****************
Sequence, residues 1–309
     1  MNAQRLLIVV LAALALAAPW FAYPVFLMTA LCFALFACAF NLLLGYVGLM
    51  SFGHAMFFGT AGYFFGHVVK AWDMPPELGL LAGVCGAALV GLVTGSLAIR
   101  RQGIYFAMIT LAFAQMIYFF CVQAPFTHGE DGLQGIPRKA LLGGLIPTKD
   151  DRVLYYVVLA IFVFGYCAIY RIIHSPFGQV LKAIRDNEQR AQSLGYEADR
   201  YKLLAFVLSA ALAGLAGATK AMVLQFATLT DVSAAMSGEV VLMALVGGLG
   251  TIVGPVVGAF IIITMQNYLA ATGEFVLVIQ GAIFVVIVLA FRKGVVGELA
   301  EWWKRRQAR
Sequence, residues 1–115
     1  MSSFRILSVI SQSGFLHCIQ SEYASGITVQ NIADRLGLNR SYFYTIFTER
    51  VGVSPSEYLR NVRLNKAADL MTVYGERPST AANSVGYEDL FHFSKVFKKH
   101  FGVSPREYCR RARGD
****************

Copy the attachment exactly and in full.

Sequence, residues 1–309
     1  MNAQRLLIVV LAALALAAPW FAYPVFLMTA LCFALFACAF NLLLGYVGLM
    51  SFGHAMFFGT AGYFFGHVVK AWDMPPELGL LAGVCGAALV GLVTGSLAIR
   101  RQGIYFAMIT LAFAQMIYFF CVQAPFTHGE DGLQGIPRKA LLGGLIPTKD
   151  DRVLYYVVLA IFVFGYCAIY RIIHSPFGQV LKAIRDNEQR AQSLGYEADR
   201  YKLLAFVLSA ALAGLAGATK AMVLQFATLT DVSAAMSGEV VLMALVGGLG
   251  TIVGPVVGAF IIITMQNYLA ATGEFVLVIQ GAIFVVIVLA FRKGVVGELA
   301  EWWKRRQAR
Sequence, residues 1–115
     1  MSSFRILSVI SQSGFLHCIQ SEYASGITVQ NIADRLGLNR SYFYTIFTER
    51  VGVSPSEYLR NVRLNKAADL MTVYGERPST AANSVGYEDL FHFSKVFKKH
   101  FGVSPREYCR RARGD